“You gotta make a dollar,” he said, adding that he hauled the cutouts onto the National Mall “so I can see it, be it and participate.”
Police eventually kicked him off the mall for asking for money. Now, Davis’ cardboard images might be fit for a museum. He said he would donate them if his wife approves.
The museum has amassed more than 300 Obama-related items, including furniture from a 2008 campaign office in northern Virginia and a cloth banner from Tanzania with an Obama portrait and message reading “Congratulations Barack Obama.”
Curators might also try to acquire items from the inauguration platform, including, perhaps, the invocation written by Myrlie Evers-Williams, the widow of slain civil rights activist Medgar Evers. Evers was gunned down 50 years ago in the driveway of his Mississippi home. That history became a link between Obama and the civil rights era.
When the museum opens in 2015 near the Washington Monument, one floor will be devoted to a chronology of African-American history, from 16th century slavery through the Civil War, Reconstruction, the civil rights era and beyond. The timeline will end with Obama and the 2008 election as a symbolic moment.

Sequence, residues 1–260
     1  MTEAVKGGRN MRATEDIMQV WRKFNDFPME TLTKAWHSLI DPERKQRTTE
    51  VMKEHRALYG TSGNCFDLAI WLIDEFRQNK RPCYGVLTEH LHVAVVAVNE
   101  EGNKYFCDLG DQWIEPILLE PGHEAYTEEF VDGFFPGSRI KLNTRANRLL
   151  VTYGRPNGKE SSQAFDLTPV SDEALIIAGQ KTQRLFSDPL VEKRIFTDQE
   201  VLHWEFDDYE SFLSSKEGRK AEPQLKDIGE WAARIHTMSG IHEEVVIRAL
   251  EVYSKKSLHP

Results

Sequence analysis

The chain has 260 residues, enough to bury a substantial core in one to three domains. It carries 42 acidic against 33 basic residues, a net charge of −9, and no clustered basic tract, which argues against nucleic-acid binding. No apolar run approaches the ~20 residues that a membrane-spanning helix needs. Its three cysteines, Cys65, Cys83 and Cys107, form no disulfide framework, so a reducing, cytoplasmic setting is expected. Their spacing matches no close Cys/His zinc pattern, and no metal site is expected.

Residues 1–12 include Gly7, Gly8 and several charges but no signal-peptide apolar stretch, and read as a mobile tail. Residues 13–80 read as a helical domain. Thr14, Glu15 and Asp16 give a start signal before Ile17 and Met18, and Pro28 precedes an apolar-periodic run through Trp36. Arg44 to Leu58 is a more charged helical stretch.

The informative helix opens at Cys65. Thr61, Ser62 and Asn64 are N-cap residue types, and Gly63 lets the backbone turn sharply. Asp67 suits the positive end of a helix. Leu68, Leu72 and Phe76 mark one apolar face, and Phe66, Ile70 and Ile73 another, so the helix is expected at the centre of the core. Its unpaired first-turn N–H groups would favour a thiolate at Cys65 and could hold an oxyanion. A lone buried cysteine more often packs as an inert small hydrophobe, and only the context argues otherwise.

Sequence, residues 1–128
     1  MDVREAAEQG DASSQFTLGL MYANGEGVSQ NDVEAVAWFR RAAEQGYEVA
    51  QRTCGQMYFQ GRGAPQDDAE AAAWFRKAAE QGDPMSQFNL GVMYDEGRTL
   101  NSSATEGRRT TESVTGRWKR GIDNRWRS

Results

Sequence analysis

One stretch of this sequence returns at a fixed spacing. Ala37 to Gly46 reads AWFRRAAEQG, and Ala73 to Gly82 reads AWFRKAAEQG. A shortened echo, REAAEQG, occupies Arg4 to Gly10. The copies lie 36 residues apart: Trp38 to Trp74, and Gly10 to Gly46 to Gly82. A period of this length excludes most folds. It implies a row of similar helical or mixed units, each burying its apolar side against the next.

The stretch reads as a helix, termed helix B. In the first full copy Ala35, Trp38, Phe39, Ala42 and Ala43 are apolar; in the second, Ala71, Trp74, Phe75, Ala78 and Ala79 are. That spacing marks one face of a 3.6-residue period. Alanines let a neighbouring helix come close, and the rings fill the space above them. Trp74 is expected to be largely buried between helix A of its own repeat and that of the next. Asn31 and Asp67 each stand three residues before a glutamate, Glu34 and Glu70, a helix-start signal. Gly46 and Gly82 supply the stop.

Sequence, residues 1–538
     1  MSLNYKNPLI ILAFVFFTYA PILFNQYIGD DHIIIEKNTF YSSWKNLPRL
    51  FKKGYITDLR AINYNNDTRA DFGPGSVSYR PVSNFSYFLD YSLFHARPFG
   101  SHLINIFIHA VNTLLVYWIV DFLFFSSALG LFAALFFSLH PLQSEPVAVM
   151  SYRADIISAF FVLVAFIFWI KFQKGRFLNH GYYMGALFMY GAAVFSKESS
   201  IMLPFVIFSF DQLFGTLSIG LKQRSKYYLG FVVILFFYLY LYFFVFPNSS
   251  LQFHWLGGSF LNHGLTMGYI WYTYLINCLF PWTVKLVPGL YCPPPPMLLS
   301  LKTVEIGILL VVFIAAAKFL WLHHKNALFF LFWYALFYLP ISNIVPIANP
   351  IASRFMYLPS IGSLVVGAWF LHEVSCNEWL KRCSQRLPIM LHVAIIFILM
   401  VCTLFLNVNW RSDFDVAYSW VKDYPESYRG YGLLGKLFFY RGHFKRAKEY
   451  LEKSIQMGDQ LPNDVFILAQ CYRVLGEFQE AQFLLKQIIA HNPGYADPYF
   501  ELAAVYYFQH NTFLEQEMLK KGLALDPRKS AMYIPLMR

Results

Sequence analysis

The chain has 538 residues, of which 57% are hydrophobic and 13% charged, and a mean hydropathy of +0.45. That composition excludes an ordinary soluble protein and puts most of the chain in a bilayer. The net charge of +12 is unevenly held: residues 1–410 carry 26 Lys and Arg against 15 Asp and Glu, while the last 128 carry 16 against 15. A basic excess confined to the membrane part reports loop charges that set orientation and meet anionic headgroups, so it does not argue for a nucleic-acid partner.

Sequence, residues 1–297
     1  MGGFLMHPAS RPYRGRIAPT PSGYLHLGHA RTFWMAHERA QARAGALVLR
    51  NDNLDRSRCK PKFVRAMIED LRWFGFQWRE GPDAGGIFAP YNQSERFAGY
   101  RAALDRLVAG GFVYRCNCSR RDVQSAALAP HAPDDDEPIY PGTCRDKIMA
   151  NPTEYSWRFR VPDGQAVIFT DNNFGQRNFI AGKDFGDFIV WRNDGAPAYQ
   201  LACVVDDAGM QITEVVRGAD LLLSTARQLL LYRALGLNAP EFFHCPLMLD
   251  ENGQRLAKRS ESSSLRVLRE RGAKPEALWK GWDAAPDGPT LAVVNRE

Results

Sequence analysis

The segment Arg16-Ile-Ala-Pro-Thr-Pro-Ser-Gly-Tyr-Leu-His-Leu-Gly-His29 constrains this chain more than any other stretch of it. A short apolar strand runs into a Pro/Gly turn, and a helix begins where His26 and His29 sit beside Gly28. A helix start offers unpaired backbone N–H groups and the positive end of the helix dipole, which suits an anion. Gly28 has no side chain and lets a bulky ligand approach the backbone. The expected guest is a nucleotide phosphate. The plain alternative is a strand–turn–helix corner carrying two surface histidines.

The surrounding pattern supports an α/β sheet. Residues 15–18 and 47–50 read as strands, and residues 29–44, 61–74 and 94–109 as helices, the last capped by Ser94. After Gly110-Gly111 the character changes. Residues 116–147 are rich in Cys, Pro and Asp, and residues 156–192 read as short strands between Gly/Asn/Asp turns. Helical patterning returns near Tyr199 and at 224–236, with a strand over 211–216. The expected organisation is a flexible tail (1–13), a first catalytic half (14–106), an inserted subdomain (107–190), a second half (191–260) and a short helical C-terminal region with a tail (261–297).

“Portraying a living individual is always more challenging,” Pretzer said. “You don’t have the perspective, and you don’t have all the evidence.”
The exhibits can evolve later to show Obama’s impact and what comes next.
In planning for the future display, Pretzer and other curators listened closely to Obama’s inauguration speech.
“Part of the dynamic is no longer, if it ever were, white and black. The dynamic is now generational. It is gender; he mentioned gay rights, so sexuality; as well as race,” Pretzer said. “It was an ‘E Pluribus Unum’ speech. It was ‘out of many, one.’”
Museum Director Lonnie Bunch said Obama’s speech was more progressive and aggressive than his first inaugural. It framed the ongoing issues of women’s rights, gay rights and immigration in the context of the historic struggle for equality.
“It reminded people that the story of America is not just about today and tomorrow, but it’s also about yesterday,” Bunch said. “The way he framed his discussion was: ‘This history is not a black history. This is a history that has transformed America.’
“The question becomes, how effective is his administration as a model for what the presidency can accomplish?”